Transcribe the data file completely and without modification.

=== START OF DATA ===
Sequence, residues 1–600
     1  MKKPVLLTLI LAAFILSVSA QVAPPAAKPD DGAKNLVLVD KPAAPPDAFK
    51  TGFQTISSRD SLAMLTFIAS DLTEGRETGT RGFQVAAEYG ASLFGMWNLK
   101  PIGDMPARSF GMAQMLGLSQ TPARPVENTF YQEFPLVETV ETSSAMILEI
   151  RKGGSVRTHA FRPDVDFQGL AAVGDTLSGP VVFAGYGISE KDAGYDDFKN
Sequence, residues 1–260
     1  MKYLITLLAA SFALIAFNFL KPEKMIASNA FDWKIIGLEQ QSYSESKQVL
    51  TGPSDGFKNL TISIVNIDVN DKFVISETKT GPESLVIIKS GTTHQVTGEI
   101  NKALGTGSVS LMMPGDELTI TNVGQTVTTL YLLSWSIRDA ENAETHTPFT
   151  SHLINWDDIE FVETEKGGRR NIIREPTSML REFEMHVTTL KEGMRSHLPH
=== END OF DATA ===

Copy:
Sequence, residues 1–600
     1  MKKPVLLTLI LAAFILSVSA QVAPPAAKPD DGAKNLVLVD KPAAPPDAFK
    51  TGFQTISSRD SLAMLTFIAS DLTEGRETGT RGFQVAAEYG ASLFGMWNLK
   101  PIGDMPARSF GMAQMLGLSQ TPARPVENTF YQEFPLVETV ETSSAMILEI
   151  RKGGSVRTHA FRPDVDFQGL AAVGDTLSGP VVFAGYGISE KDAGYDDFKN
Sequence, residues 1–260
     1  MKYLITLLAA SFALIAFNFL KPEKMIASNA FDWKIIGLEQ QSYSESKQVL
    51  TGPSDGFKNL TISIVNIDVN DKFVISETKT GPESLVIIKS GTTHQVTGEI
   101  NKALGTGSVS LMMPGDELTI TNVGQTVTTL YLLSWSIRDA ENAETHTPFT
   151  SHLINWDDIE FVETEKGGRR NIIREPTSML REFEMHVTTL KEGMRSHLPH